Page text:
In Iowa, Democratic voters are participating in caucuses to determine who will rival President Donald Trump in the November election, CNN reports.
This state, populated predominantly by white residents of rural areas, often determines the fate of candidate campaigns – this is where intra-party elections begin. Since 1996, every Democrat who won the caucuses in Iowa was eventually nominated for the presidential election.
According to polls, Vermont Senator Bernie Sanders is ahead of his three closest party members – Vice President Joe Biden, Massachusetts Senator Elizabeth Warren and former Mayor of South Bend, Indiana, Pete Butidzhich.
The four are leading the race, but Minnesota Senator Amy Klobuchar, entrepreneur Andrew Young, billionaire Tom Steier, and Hawaii House of Representatives Tulsi Gabbard also have a chance to win a certain portion of the vote.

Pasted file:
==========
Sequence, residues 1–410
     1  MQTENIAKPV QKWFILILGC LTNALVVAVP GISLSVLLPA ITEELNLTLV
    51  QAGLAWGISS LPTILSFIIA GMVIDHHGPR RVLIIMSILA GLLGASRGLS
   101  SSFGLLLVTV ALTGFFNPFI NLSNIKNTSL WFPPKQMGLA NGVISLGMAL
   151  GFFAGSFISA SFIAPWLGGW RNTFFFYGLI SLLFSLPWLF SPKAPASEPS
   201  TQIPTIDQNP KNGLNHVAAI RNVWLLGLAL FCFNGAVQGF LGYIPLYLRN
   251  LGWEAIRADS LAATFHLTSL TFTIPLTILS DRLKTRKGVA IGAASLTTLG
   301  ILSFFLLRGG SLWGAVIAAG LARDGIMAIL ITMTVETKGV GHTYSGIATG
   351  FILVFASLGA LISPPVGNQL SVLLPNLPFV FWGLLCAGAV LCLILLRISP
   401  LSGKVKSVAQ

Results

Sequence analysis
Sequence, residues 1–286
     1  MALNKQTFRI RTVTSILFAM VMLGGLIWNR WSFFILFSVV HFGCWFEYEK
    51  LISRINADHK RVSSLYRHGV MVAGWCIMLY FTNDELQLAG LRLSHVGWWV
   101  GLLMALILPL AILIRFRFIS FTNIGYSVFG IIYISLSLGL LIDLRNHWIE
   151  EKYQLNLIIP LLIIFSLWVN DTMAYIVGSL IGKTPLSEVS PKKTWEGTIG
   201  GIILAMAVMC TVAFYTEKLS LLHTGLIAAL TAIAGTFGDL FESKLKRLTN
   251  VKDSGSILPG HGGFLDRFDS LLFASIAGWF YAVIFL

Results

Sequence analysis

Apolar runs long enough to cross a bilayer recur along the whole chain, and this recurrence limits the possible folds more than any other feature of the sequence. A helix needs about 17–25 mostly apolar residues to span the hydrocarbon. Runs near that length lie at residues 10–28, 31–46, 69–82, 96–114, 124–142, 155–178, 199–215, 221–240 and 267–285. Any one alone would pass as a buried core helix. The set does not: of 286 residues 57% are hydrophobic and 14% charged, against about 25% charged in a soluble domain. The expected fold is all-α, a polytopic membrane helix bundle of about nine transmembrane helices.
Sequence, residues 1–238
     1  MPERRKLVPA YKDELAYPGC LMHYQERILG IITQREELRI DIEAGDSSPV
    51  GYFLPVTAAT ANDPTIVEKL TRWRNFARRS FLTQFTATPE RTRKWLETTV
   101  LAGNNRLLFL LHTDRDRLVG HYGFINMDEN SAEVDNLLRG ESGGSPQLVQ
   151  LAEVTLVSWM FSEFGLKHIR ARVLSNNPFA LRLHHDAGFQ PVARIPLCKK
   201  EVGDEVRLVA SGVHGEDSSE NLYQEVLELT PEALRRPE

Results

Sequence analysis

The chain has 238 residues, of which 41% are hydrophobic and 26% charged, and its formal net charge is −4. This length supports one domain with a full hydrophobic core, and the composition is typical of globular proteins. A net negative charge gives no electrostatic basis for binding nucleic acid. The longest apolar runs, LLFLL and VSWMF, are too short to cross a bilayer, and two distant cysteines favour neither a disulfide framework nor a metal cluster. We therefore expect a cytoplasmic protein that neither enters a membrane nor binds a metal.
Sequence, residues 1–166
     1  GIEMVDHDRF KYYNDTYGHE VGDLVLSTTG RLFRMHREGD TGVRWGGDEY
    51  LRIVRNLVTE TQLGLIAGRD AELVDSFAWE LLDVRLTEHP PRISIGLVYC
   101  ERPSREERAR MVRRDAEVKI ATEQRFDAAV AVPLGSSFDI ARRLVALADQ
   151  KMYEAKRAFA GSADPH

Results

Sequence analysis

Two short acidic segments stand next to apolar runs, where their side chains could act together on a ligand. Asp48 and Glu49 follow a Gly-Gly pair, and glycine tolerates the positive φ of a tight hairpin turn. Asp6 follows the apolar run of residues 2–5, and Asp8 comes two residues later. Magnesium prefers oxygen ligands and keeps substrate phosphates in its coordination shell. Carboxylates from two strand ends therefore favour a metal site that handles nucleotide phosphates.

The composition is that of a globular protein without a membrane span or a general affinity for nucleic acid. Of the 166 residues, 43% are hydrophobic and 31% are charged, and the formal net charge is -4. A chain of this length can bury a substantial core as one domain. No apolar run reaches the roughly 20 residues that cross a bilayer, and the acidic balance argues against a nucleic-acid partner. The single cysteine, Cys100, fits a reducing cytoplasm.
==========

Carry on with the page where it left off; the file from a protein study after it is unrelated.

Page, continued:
Tens of thousands of state residents participate in caucuses. A sophisticated electoral system counts the results of more than 1,600 small congresses to determine 41 national delegates, of which the party candidate will ultimately be selected in June 2020.
To support their delegate, voters must be physically present at the caucus site.
Iowa, as well as Nevada and Wyoming, are the only ones to host such caucuses.
The other 47 states have so-called “primaries,” during which party voters cast ballots for the party candidate they support. Caucuses provide for voting not by ballots, but literally by their own bodies.
The US presidential election will be held in November 2020. The Republican Party will be attended by incumbent President Donald Trump, who is applying for a second term.